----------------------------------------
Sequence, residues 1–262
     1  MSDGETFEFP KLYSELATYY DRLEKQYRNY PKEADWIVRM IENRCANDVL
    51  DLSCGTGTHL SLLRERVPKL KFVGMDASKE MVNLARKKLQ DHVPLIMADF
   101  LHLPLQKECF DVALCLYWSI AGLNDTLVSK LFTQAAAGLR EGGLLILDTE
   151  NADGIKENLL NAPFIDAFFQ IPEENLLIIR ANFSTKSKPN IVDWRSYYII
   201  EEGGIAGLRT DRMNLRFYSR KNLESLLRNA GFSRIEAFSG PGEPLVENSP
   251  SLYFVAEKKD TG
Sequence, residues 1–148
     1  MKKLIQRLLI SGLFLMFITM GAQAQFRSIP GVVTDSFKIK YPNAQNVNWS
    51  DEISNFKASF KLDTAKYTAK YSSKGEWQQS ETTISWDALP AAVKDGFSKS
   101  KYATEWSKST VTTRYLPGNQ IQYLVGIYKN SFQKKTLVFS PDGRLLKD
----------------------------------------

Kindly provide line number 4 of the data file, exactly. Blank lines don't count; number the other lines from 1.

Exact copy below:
   101  LHLPLQKECF DVALCLYWSI AGLNDTLVSK LFTQAAAGLR EGGLLILDTE